Posted on November 16, 2021 by Tommy Wells
There is a widely recognized opioid crisis in America, affecting literally thousands of people who have become addicted to opioids. Something must be done to address this crisis, but is the 700 year old legal theory of public nuisance the answer? Recent developments suggest perhaps not.
Public nuisance law dates back to 12th Century England and the common law. A public nuisance is an unwarranted, unreasonable, or otherwise unlawful interference with a right common to the general public. It was originally a criminal offense only, enforceable by the state or other governmental entity, but it grew into a civil remedy in tort as well.
Virtually every state now has a public nuisance law, enforceable in tort by an affected litigant. Common types of public nuisance include environmental pollution, drug activity, storage of explosives, and possession of dangerous animals. The remedy is usually abatement of the nuisance. Thus, if a stream has been polluted, the remedy requires the polluter to stop the pollution and clean up the stream. But what if the pollution is not to the environment, but is essentially pollution of the human body due to improper use of an otherwise legal drug?
In recent years litigants have attempted to expand the scope of public nuisance law to encompass non-traditional subject matter, including the sale of otherwise legal items such as guns. Perhaps the most expansive interpretation can be seen in the cases brought by state and local governments to address the ill effects of over prescribed opioids.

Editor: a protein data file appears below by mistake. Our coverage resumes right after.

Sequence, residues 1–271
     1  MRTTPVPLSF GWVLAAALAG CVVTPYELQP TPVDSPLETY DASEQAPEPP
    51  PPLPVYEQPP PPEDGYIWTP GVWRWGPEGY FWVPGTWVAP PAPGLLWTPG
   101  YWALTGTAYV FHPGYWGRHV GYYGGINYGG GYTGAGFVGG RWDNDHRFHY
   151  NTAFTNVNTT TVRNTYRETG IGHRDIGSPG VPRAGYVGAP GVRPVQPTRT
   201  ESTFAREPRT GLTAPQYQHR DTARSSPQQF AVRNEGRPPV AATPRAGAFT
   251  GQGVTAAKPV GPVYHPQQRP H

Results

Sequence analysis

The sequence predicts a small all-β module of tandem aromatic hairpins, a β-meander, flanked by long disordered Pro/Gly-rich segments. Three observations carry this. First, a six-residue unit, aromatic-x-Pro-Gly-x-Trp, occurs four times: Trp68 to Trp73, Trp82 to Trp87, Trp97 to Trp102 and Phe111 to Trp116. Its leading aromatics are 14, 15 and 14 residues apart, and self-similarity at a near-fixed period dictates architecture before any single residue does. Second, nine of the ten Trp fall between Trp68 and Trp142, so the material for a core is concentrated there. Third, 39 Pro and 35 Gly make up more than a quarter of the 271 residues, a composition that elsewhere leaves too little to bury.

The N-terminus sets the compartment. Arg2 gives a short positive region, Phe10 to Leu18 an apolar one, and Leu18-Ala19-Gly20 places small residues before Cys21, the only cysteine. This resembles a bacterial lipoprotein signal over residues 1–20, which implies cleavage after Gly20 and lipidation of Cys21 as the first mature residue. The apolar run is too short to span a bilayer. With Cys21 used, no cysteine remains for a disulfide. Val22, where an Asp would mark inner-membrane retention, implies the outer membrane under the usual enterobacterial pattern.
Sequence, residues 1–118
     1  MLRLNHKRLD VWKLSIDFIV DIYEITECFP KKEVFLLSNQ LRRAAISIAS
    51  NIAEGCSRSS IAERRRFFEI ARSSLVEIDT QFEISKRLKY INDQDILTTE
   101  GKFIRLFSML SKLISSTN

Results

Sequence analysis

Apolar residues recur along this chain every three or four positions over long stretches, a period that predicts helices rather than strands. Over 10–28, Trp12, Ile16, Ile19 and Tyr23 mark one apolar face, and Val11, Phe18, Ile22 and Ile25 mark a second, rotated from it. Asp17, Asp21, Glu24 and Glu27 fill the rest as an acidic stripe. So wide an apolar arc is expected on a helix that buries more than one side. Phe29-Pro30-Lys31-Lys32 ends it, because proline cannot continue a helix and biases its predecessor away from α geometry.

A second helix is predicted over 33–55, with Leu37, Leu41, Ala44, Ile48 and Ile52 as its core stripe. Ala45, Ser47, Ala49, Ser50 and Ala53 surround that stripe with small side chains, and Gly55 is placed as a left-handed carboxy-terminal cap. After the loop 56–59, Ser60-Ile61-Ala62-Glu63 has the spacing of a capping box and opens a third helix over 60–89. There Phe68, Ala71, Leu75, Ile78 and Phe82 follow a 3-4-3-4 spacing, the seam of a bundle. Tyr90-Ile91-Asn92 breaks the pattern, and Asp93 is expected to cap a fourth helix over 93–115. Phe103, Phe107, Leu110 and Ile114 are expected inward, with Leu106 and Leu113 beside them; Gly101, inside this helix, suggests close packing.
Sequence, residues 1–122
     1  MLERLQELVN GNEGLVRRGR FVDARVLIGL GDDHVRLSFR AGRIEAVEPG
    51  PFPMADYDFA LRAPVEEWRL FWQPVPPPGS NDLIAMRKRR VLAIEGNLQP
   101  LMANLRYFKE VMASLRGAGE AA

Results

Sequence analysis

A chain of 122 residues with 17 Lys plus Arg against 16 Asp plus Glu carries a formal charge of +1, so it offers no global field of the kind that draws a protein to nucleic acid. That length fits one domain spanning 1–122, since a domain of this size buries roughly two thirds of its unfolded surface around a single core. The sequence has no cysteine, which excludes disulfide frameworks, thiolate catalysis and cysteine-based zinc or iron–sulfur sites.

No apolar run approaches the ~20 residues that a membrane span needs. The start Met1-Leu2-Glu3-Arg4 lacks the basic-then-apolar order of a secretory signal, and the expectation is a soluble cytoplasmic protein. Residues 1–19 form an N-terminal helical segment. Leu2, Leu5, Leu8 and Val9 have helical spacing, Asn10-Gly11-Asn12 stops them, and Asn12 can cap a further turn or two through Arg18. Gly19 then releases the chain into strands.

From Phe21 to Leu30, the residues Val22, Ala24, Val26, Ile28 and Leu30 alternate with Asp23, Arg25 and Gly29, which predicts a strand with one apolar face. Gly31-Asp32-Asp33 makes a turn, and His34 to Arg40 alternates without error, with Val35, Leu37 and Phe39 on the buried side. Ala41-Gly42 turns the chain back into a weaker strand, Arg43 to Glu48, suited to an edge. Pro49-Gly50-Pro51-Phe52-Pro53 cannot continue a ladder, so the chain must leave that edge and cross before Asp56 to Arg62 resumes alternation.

However, this innovative application of public nuisance law has run into some judicial roadblocks. For example, the Oklahoma Supreme Court recently reversed a trial court’s award of damages to be paid by an opioid manufacturer, holding that public nuisance law did not cover the manufacture, marketing, and sale of prescription opioids. In addition, a California trial court has rejected public nuisance claims against several opioid manufacturers, finding that plaintiffs had failed to demonstrate that the volume of opioid prescriptions helped create the public nuisance and the extent of harm so created.
Conceptually, it is difficult to see the similarity between a public nuisance action seeking remediation of pollution and one seeking recompense for the manufacture and marketing of legal drugs such as opioids. The recent case rulings may signal that the law of public nuisance is not malleable enough to cover such actions, leaving public nuisance as a remedy to address more traditional interferences with public welfare, such as environmental pollution.